Presenters: Jackie Kegley (CSU, Bakersfield; and President of SAAP) on Josiah Royce, Colin Koopman (University of Oregon) on William James, Judy Whipps (Grand Valley State University) on Jane Addams, and Christopher Voparil (Union Institute and University) on Richard Rorty.
Readings for this session will consist of primary works by the figures that will be at the center of our discussions: Josiah Royce, William James, Jane Addams, Mary Parker Follett, and Richard Rorty. Attendeeds are welcome to bring to the discussions their own readings of other pragmatist thinkers who stand to offer novel contributions to the projects of political philosophy and political theory. Our aim is to consider ways in which pragmatism can make new contributions to political philosophy not already on the map. This explains why we are not explicitly engaging the work of John Dewey in our reading lists. Our view is that it is already largely clear how Dewey's work contributes to a pragmatist political philosophes. Our focus will be on forms of pragmatist political philosophy that build on or otherwise move beyond the Deweyan influence.
Josiah Royce: Read the following four Royce essays. "Provincialism", "On Certain Limitations of the Thoughtful Public in America", "The Possibility of International Insurance", "The Hope of the Great Community"
William James: Read the three essays below from the McDermott (U Chicago) volume if you have it, otherwise find an online copy linked below or at the James Archive. "The Moral Equivalent of War", "On a Certain Blindness in Human Beings", and (if you have time only) "What Makes a Life Significant?" if you have time). Also please skim James's selected topical writings on the Spanish-American War.
Jane Addams: “Introduction” and Chapter 6 in Addams’s Democracy and Social Ethics.
Mary Parker Follett: Follett, Mary Parker. 1) “Consent: Not the Technique of Democracy” from Creative Experience, pp. 197-210, Chapter XI and 2) “The True Democracy” from The New State, pp. 156-161, chapter XIX.
Richard Rorty: Read the following four Rorty essays. "The Priority of Democracy to Philosophy", "Human Rights, Rationality, and Sentimentality", Justice as a Larger Loyalty", "Feminism and Pragmatism" (at U Mich).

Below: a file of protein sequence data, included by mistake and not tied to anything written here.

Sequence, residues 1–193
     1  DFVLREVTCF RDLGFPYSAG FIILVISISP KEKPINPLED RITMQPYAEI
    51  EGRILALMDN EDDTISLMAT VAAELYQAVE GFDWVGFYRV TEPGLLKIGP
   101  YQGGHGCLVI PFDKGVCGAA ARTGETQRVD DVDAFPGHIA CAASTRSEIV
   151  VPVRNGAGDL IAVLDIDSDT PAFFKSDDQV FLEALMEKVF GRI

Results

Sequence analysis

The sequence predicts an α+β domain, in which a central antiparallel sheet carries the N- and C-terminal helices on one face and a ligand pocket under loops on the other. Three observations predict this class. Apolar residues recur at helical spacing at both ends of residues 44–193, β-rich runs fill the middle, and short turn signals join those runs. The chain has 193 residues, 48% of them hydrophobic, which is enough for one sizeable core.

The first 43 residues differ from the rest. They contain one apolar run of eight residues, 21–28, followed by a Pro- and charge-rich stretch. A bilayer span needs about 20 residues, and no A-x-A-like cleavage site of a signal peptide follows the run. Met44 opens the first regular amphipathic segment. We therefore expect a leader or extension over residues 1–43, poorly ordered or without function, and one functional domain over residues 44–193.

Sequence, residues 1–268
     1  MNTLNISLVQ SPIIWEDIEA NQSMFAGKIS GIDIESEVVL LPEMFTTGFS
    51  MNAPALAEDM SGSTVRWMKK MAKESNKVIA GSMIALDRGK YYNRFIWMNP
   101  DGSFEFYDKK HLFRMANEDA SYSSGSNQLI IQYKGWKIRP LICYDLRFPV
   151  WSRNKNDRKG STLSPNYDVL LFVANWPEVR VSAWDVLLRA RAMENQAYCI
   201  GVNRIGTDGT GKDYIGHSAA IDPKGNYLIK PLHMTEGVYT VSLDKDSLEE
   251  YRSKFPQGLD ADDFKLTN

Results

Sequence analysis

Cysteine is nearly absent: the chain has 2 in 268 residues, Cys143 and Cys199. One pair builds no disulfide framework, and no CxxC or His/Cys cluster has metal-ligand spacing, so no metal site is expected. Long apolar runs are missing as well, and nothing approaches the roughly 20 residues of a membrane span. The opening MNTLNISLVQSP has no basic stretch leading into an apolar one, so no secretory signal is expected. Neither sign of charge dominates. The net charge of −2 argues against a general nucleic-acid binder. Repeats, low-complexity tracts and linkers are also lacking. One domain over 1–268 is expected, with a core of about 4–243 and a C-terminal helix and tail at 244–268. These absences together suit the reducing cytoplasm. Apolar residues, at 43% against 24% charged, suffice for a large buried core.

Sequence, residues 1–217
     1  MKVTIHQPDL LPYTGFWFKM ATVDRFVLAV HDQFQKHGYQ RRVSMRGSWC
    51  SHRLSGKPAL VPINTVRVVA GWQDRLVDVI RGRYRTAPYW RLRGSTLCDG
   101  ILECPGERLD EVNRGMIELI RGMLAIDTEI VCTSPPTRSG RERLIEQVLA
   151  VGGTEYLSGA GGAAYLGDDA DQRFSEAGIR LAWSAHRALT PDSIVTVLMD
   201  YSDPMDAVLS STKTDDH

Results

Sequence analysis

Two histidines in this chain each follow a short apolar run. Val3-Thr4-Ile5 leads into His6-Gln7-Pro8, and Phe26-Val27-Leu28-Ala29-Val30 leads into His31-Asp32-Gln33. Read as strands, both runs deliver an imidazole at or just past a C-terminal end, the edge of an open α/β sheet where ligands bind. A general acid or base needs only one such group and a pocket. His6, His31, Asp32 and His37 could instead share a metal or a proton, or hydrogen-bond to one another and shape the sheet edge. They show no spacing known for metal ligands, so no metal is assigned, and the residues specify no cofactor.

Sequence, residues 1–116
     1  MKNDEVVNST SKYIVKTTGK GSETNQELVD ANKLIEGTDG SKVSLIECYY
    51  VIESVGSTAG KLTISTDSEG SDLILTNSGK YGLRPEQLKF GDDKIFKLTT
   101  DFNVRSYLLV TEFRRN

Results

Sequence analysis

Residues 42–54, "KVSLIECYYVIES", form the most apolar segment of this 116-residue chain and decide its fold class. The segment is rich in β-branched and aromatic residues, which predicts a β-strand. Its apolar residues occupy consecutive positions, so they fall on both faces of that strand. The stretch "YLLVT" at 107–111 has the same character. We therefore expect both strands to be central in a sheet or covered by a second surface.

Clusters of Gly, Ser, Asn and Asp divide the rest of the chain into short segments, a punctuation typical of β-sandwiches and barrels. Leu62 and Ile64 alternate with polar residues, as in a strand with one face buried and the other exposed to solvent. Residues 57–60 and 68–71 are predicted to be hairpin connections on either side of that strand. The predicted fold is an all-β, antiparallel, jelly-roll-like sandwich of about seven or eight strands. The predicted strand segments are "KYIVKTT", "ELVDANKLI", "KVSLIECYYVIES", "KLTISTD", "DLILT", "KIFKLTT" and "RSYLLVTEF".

This seminar will be led by David O’Hara (Augustana College), Joseph Orosco (Oregon State University), Stacey Ake (Drexel University), and Jeffrey Edmonds (Vanderbilt University). Session titles include: "Race as a Shared Concern in American Philosophies: José Vasconcelos, Josiah Royce, and W.E.B. DuBois on Race", "A Cord of Three Strands is not Easily Broken: Poetry, Philosophy, and Social Change in/as Latin American Thought", and "Experience and the Production of Hispanic/Latino Pragmatisms".
Readings for the session are those below:
This seminar will be led by Jerry Rosiek (University of Oregon, Education).
The selections for this seminar explore one or more of three themes: 1) the relation between experience and knowledge, 2) the purpose of knowledge generation and its relation to action , amelioration, and social justice, & 3) the practice and ideal of reflexivity in social science research. The purpose of our seminar is not to debate the merits of these texts individually, but to have a discussion about the kinds of issues they raise.
The readings are available for download here as a ZIP file (to unpack this large file you may need to install free software, such as WinRAR on your computer).
In addition to a few selections from pragmatists classical and contemporary, the readings focus on the following themes: